We hit the bridge with a scrim to put over the top of Chad's head which blocked the direct sun. It was a bright 3 pm in late Fall. I brought in a Profoto 600b with one head. The head sported a small (2x3 foot) Westcott softbox that originally came as part of a Spider TD-5 florescent light kit. I the image with an Olympus e3 and a 14-54mm zoom lens. We did a little post processing on the sky and played around a bit with the highlight and shadow controls in the PhotoShop adjustments menu.
I've gone back to the bridge again and again and every time we do it's a bit different.
On another note: I bitch a lot about the business but I thought I'd tell the story of a more or less routine but delightful shooting assignment. My PR client, David, asked me to shoot a data center; one of those anonymous buildings that houses hundreds and hundreds and hundreds of blade servers in racks and basically houses most of the web content that flies around the fiber these days. The buildings are very secure and a typical feature is a cluster of giant, diesel generators over to one side or another of the building. Having a total electrical failure is considered a very negative feature set.......
David and I have worked together on projects like this before but it had been a while. I suggested that we meet the day before and do a walk thru of the building's interior to get an idea of what we'd be dealing with. David added that we should meet for lunch and then do the scouting. It's this kind of thinking that makes David a good client. We settled on Sushi. His suggestion and my pleasure.
We went into the building carrying an Olympus EPL1. Not the camera you've come to know but it's other permutation as a small color temperature meter. I took a white card and the camera and then used the custom Kelvin settings to take images of the white card at each Kelvin setting until I struck gold.....or white. The Phillips florescent bulbs that covered acres of the ceiling gave me every indication of being 4100 degrees Kelvin. That's a great starting point. I grabbed the Lee filter catalog and looked at the chart of conversions from daylight. Bingo. The Lee 442, otherwise known as half CT Straw (an orangey yellowish filter) was a good match. After we scouted I headed for GEAR on far east Caesar Chavez Blvd to pick up some filter gels. Unlike those Strobist moochers (who rip the samples out of the filter sample books and tape them together on their flashes) I actually BUY the stuff a couple feet by one yard at a time. I also stocked up on some 1/8th CTO and some garden variety 1/2 CTO just to be safe.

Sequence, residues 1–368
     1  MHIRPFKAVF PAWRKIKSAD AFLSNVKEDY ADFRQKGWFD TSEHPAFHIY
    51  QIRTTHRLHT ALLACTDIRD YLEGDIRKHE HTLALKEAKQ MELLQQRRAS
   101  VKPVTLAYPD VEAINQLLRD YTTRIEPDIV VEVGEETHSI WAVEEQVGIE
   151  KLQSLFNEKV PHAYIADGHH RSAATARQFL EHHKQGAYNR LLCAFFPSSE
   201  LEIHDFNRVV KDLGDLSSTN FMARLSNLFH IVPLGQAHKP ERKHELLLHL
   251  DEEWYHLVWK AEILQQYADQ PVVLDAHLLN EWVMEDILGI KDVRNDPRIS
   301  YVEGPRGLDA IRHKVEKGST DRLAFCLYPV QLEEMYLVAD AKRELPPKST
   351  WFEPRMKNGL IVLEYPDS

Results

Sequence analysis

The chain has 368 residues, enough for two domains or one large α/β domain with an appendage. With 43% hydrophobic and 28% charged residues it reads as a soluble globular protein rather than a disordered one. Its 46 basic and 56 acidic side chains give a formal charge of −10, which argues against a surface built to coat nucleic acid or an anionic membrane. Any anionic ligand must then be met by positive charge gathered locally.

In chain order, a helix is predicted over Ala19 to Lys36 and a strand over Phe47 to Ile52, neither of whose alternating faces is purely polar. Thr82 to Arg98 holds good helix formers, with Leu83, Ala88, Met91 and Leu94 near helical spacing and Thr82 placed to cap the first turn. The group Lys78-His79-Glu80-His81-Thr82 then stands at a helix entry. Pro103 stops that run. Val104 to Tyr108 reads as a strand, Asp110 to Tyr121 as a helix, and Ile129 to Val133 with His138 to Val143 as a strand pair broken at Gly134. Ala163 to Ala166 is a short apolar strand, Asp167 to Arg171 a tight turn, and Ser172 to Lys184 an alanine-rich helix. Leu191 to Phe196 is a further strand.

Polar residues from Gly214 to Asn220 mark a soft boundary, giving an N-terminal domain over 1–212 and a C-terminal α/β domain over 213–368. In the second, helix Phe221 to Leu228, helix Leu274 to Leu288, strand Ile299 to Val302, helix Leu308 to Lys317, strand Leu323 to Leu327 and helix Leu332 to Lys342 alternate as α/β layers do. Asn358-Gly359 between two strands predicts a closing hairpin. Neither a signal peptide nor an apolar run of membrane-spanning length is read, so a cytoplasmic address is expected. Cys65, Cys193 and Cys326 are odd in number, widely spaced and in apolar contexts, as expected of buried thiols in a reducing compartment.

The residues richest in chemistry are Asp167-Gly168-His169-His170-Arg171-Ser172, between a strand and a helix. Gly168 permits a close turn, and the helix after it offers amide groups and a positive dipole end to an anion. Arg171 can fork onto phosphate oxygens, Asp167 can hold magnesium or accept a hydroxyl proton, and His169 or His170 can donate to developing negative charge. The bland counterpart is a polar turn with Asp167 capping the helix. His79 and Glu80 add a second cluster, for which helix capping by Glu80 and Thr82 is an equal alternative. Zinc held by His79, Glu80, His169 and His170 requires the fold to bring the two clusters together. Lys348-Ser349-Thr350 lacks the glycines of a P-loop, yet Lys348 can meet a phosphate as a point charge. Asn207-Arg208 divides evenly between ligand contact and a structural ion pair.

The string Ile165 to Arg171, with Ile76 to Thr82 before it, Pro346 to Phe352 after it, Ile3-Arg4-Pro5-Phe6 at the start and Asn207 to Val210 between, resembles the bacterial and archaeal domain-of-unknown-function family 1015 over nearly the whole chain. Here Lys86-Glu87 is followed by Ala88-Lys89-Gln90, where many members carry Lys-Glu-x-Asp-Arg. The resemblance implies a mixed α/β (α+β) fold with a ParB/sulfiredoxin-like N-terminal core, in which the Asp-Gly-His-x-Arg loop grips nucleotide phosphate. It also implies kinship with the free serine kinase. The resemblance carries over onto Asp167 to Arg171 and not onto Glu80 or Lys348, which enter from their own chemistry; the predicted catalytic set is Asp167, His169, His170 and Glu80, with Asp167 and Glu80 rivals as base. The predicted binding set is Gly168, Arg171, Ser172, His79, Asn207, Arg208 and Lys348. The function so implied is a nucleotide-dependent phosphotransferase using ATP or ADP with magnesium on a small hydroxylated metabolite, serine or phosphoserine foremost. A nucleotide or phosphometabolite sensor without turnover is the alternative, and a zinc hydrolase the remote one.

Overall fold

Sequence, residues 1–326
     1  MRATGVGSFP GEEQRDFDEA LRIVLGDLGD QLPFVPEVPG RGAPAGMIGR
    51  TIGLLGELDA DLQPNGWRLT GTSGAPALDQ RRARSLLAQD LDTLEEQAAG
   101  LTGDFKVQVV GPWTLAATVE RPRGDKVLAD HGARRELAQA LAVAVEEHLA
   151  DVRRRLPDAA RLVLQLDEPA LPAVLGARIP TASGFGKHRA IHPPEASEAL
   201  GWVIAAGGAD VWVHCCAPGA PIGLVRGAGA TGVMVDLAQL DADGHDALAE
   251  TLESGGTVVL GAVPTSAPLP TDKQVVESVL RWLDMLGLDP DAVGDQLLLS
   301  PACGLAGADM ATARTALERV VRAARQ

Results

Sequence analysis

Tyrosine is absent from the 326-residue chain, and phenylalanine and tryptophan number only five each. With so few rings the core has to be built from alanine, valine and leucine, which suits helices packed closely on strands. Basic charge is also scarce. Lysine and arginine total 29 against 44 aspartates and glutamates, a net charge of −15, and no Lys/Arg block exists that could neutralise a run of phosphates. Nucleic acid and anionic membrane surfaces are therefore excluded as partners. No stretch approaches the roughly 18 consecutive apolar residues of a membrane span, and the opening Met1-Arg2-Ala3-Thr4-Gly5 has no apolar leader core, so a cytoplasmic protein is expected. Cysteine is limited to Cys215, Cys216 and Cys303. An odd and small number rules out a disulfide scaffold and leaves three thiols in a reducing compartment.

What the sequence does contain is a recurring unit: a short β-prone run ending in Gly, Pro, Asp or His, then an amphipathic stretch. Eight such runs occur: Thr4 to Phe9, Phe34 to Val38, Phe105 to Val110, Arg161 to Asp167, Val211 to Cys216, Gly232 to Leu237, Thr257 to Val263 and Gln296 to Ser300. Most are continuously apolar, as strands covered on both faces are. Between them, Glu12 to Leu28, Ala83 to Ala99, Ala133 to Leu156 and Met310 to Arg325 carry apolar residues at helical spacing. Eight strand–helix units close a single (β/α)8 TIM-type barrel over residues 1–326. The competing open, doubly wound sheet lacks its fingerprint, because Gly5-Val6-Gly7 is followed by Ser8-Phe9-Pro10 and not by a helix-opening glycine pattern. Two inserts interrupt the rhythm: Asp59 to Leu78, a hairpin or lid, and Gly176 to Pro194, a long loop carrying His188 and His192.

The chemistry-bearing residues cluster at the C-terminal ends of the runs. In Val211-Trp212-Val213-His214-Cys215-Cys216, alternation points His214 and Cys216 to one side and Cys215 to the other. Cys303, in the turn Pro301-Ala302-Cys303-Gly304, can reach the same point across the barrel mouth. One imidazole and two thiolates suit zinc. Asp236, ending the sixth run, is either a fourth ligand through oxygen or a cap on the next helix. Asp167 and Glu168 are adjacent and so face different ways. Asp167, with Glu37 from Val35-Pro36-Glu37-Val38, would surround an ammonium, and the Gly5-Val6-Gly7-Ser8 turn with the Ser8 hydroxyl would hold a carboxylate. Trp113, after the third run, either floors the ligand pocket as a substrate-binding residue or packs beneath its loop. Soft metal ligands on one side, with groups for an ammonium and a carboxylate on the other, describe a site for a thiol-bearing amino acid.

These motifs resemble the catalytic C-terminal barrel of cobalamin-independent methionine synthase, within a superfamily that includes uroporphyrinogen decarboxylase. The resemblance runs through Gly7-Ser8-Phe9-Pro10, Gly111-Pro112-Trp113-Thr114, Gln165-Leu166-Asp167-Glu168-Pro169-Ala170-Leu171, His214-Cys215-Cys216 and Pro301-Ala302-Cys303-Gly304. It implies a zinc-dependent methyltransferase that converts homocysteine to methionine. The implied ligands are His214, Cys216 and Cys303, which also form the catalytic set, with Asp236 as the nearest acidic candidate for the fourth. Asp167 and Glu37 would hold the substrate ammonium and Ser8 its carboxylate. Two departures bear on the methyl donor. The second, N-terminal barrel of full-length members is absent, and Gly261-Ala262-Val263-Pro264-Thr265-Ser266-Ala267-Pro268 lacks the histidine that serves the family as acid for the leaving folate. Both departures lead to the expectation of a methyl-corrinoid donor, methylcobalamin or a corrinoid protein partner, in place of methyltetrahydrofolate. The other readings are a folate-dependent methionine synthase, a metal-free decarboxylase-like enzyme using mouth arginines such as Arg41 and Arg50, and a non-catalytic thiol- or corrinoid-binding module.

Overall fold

When I got home to the studio I cut each of the gels into a little stack of filters that would cover a Metz or Olympus flash as well as some larger squares that would fit over a Profoto head or an Elinchrom head. Then I packed and went off to have some semblance of a balanced personal life.
This morning we started our shoot at a very civilized 10 am. I used a Canon 5D mk2 and mostly a 20mm and a 100mm prime lens to shoot both portraits in the data center and the architecture and comportment of the center itself. I lit the portraits using two lights. One was a Metz MZ 54 in a small softbox with a Lee 442 straw and the other was a Vivitar 383 with a small grid over it to spot it down as a small separation light. The Vivitar was about forty feet back from the portrait subject at 1/16th power with a Lee 442 filter on it as well. Blended with the ambient florescents (which matched color almost exactly) the effect was soft, yet directional. My intention was to gently boost the contrast in post.
The rest of the time was spent looking for great angles and visual alleys. We used ourselves as blurred, moving models to jazz up the scenes.
At the end of the session I had three great portraits fifteen or twenty nice interiors and an inventory of technical shots. The post processing was snagless and the galleries of images are already up and awaiting David's arrival at the office tomorrow.
This is how I remember photography. Livable budgets, fun lighting challenges, gear that just works, clients who are gracious, welcoming and appreciative of all the touches that come from years of experience in the craft and a direct client who understands the value you bring to a job.
I came home, petted the world's best dog, took the boy to swim practice and ate some vegan soup Belinda made for dinner. Now I'm sitting in the office drinking a nice glass of a California Cabernet Sauvignon and typing on my spiffy computer. This is how a photographer's life is supposed to look.
I think the nasty spell of 2009 is broken. Thank goodness.